Do you really need to worry about hard money lenders requiring a down payment? Often, this is going to be a requirement you will have to contend with. It is better to understand why this is the case, than to be surprised later with something you were not expecting.
Hard money lenders are particularly appealing to real estate investors. That is unquestionably a field of interest in which you do not want any unforeseen financial surprises. Understand what you are going to be getting with hard money lenders right out of the gate.
Hard Money Lenders and Down Payments
To be successful in the field of real estate investment, one must have a steady source of capital with which to make purchases, close sales, handle renovations and repairs as necessary, and more. While some lenders find real estate investors problematic, there are still some very good options out there for those who are just getting started.
If you have gained a measure of success with real estate, your loan options will become more versatile. However, and this is particularly true for those just starting out, hard money lenders are going to remain one of the most reliable options available.
Nonetheless, yes, you will probably need to give them a down payment.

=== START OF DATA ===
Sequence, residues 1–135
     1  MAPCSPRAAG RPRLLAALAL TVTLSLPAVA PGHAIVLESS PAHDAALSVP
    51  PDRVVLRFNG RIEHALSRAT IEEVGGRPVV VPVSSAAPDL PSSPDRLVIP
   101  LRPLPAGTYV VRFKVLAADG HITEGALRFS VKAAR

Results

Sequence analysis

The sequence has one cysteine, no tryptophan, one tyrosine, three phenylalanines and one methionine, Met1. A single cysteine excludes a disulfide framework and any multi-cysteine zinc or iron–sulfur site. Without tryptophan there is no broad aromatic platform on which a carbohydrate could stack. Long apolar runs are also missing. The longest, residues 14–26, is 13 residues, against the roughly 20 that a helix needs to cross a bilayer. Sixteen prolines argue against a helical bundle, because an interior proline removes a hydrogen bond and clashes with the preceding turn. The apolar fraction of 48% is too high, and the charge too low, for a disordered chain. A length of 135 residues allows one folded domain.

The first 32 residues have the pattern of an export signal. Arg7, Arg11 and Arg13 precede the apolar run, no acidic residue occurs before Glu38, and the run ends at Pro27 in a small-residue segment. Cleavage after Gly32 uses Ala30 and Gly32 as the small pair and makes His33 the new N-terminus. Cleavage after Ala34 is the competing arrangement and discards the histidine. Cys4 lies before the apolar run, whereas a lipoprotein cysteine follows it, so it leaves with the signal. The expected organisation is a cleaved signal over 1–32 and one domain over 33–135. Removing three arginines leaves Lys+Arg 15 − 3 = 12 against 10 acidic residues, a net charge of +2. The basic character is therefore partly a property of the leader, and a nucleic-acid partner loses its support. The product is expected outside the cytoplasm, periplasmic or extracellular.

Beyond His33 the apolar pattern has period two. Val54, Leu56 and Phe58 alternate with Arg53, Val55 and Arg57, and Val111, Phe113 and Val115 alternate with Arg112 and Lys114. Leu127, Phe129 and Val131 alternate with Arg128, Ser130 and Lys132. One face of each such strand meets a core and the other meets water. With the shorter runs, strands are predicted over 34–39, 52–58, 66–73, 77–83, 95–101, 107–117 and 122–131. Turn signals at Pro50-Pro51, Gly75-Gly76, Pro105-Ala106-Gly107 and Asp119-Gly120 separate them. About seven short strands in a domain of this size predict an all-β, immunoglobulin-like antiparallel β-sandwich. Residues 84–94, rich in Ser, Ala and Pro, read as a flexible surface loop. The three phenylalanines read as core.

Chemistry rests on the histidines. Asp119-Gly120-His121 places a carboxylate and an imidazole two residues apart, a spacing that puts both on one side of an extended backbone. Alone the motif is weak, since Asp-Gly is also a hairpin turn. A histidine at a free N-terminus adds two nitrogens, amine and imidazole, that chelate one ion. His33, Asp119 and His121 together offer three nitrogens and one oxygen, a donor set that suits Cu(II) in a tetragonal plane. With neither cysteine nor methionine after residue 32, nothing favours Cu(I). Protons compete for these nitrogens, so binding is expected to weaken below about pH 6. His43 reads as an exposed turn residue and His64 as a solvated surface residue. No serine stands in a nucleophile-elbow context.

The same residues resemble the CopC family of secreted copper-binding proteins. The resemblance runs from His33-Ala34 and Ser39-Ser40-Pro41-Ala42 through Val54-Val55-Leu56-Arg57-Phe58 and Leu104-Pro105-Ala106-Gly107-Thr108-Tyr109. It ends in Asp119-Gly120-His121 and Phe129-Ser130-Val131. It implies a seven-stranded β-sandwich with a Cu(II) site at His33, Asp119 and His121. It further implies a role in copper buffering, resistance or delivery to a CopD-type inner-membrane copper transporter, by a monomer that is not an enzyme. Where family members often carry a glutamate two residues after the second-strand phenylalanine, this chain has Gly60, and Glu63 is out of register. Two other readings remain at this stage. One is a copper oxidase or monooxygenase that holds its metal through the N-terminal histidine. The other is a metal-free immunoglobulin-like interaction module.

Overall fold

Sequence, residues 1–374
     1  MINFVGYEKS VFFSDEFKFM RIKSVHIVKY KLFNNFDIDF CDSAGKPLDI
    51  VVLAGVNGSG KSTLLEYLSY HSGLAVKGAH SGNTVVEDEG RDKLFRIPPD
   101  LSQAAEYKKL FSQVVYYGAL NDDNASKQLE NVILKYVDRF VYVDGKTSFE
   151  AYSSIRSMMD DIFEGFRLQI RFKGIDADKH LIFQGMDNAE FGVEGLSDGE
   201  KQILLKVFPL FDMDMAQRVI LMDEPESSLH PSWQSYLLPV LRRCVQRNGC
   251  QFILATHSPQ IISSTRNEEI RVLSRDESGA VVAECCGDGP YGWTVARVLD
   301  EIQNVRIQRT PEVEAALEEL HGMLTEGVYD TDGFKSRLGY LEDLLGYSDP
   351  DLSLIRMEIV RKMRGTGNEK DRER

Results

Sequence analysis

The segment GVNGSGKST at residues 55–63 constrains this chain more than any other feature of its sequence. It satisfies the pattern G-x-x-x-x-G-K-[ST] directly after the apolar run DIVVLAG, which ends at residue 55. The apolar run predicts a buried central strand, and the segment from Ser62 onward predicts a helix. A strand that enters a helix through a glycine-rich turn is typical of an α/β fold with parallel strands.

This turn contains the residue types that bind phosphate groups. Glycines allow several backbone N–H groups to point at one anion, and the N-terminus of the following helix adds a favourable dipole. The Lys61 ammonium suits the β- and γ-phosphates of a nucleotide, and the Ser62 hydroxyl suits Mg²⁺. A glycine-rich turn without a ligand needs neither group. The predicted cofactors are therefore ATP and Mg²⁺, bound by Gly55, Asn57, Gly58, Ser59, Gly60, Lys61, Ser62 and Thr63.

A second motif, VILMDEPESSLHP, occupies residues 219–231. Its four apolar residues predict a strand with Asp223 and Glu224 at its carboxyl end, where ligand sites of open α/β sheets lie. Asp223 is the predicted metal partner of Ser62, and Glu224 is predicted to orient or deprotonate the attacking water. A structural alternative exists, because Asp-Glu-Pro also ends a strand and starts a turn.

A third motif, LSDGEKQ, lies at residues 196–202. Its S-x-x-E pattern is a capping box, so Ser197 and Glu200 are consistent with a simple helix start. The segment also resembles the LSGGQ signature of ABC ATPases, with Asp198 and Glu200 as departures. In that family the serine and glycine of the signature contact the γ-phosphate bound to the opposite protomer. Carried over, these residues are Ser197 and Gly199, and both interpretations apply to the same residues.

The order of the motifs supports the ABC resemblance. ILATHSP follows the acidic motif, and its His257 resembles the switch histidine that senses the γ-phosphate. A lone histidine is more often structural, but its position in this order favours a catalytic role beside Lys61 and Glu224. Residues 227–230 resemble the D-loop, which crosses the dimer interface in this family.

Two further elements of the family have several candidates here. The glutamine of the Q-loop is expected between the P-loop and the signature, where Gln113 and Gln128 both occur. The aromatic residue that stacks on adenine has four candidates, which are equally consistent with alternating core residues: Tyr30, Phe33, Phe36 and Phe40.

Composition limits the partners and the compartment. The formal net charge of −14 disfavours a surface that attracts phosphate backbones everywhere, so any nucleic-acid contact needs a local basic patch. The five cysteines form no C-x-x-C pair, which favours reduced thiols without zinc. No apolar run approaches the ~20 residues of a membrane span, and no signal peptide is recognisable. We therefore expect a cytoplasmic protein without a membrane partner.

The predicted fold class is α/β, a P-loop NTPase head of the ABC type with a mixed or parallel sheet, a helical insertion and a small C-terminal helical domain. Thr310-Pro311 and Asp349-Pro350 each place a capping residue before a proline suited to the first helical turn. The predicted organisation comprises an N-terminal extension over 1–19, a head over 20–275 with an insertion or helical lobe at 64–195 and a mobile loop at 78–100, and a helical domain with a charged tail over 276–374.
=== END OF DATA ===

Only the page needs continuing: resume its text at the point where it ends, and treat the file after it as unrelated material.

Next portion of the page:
Why Hard Money Lenders Require Down Payments
The main point of the down payment is to essentially mitigate risk. The lender asks this of you because then everyone is on the hook if the project does not work out. You are going to lose money. The lender is going to lose money. It is not a situation that anyone wants, but it gives lenders a measure of confidence.
With this degree of confidence, the odds of getting the money you need to fund your first or next real estate venture are going to climb considerably. Beyond hard money lenders, you have friends, private investors, other real estate investment experts, or family. Conventional banks can also be available to you in these situations, but that is not a guarantee.
The money being loaned to you is not completely secured via the as-is property in question. The lender can either sell the property at auction, make some improvements, and then sell, or simply walk away. A down payment offsets these concerns.
In terms of the specific amount, it can be anywhere from 10% to 50% of what you want to borrow. This figure can vary from one person to the next.